Kieron Williams a Blackshirt
Nebraska safety Kieron Williams received his Blackshirt. He’s the 14th Husker to get one. Williams leads the team with 15 tackles.
“We talk about it being certain qualities of consistency, the manner in which you play, the time that you put in — whether it’s in the film room or the weight room, on the field — with results, yeah, but everything combined,” Banker said. “In the first two weeks, he’s made a great case for himself. He’s taken advantage of a great opportunity. The door was open for him to do that and he walked right through it.”
Oregon tempo tests refs
Be ready for Oregon’s no-huddle tempo, Nebraska linebackers coach Trent Bray said, and how it affects officiating. Because the Ducks move so fast, Bray said, there are times when pre-snap false starts and illegal formation mistakes aren’t identified and called.
“You watch them on film and they’re false-starting and they’re not set and nothing’s called,” Bray said. “The tempo doesn’t allow the officials to officiate the game. That’s what I think the Big Ten has done a great job of, is managing that stuff. That’s what we hope happens — to allow the procedure of the game.”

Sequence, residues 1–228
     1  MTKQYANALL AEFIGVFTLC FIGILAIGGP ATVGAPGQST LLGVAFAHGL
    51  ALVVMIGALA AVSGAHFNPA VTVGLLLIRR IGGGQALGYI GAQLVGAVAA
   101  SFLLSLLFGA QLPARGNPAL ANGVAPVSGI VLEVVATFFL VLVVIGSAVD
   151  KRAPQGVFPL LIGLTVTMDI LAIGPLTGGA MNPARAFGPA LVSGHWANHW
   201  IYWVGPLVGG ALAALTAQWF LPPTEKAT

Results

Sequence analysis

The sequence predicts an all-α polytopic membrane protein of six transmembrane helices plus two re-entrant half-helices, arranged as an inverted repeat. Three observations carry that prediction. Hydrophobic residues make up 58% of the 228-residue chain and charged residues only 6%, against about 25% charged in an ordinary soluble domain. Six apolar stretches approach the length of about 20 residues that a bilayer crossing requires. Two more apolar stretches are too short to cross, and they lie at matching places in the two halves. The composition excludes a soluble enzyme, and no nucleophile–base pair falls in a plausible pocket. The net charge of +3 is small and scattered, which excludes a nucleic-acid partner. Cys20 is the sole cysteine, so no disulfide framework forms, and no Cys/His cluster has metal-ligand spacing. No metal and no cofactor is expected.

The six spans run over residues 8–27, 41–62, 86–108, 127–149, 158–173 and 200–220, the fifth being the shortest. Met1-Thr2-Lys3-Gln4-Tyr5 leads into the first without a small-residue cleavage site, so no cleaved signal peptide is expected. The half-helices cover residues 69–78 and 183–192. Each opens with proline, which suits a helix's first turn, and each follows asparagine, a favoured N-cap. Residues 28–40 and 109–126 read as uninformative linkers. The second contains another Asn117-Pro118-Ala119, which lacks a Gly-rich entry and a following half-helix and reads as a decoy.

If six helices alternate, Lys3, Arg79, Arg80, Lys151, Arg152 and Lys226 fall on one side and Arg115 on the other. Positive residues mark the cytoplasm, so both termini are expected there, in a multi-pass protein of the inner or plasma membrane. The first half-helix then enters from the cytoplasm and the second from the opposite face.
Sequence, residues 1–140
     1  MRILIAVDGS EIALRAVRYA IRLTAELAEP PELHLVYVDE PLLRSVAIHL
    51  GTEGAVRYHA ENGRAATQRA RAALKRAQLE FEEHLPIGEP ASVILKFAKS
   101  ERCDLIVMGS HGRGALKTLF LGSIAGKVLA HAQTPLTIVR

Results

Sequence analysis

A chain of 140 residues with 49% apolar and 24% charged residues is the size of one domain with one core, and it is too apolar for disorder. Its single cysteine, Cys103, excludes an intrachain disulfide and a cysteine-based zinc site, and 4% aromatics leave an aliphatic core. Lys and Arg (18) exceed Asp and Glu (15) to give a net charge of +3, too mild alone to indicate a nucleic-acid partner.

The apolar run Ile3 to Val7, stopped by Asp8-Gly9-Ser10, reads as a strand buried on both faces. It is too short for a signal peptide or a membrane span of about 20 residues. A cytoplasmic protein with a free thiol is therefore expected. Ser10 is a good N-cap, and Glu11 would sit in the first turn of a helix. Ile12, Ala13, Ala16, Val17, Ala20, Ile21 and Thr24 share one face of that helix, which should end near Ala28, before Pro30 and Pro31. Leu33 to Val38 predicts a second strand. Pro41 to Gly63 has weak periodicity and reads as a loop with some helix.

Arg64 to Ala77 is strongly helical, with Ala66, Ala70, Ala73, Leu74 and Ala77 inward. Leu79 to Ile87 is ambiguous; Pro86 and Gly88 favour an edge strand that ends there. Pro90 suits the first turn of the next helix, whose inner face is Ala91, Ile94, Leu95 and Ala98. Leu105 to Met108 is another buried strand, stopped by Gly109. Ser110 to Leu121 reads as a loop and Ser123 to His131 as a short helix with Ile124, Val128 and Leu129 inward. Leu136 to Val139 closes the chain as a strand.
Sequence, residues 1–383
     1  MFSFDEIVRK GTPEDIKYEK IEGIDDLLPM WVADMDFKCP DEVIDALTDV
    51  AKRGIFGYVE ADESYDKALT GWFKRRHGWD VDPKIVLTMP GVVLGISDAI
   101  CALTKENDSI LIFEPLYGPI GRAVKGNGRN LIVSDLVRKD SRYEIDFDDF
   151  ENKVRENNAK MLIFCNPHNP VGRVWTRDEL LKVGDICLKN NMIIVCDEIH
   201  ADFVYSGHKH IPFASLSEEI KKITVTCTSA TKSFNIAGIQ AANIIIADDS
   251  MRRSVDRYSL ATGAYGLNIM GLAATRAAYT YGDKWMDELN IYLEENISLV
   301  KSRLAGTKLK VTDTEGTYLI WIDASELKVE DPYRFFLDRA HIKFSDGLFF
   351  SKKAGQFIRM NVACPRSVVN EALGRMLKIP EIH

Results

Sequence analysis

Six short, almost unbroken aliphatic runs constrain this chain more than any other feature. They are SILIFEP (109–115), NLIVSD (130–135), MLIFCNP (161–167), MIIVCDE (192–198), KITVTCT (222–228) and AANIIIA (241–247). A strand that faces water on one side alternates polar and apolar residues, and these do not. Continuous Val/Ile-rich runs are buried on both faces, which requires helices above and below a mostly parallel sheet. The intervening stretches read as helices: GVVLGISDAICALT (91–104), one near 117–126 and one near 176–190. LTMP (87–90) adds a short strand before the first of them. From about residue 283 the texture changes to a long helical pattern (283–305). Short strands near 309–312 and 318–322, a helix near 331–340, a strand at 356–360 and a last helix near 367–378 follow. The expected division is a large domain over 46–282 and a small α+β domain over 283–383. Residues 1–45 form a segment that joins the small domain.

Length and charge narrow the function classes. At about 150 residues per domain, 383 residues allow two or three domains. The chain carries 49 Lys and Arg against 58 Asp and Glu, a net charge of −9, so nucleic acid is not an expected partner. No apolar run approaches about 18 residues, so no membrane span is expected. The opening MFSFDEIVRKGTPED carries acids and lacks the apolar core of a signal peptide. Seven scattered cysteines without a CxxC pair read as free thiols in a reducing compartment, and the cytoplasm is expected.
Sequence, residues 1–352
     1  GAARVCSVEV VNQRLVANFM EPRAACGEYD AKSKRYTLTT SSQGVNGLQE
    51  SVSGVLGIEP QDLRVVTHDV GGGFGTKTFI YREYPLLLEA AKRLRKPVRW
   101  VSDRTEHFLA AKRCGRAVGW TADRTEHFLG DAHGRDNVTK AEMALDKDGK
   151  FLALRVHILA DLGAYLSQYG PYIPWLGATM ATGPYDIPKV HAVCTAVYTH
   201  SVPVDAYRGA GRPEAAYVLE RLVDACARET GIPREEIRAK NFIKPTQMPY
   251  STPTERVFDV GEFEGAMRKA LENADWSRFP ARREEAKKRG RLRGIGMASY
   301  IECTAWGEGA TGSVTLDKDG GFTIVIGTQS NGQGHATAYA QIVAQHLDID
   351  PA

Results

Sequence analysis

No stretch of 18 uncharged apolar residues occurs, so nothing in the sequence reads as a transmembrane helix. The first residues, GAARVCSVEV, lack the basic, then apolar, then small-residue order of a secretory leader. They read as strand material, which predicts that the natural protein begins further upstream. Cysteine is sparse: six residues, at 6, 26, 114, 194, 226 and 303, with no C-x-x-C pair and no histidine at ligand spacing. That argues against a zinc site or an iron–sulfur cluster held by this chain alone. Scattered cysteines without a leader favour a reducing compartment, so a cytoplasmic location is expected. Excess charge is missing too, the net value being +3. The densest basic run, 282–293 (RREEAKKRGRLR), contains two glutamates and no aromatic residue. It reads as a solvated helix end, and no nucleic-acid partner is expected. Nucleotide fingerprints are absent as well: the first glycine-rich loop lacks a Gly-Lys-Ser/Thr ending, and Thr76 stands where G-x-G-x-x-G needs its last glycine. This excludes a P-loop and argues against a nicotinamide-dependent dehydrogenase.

Pac-12 officials will work the game.
» Nebraska wide receiver and holder Zack Darlington is serving as a scout team quarterback this week in imitating Prukop.
» Defensive tackle Mick Stoltenberg and wide receivers Alonzo Moore and Brandon Reilly didn’t practice Tuesday. Reilly is questionable — at best — for Saturday’s game because of a hamstring injury. In his absence, the Huskers would lean on Moore — if his shoulder is good to go — and sophomore Stanley Morgan. Stoltenberg will be questionable until Thursday, when Riley plans to decide whether he’ll play.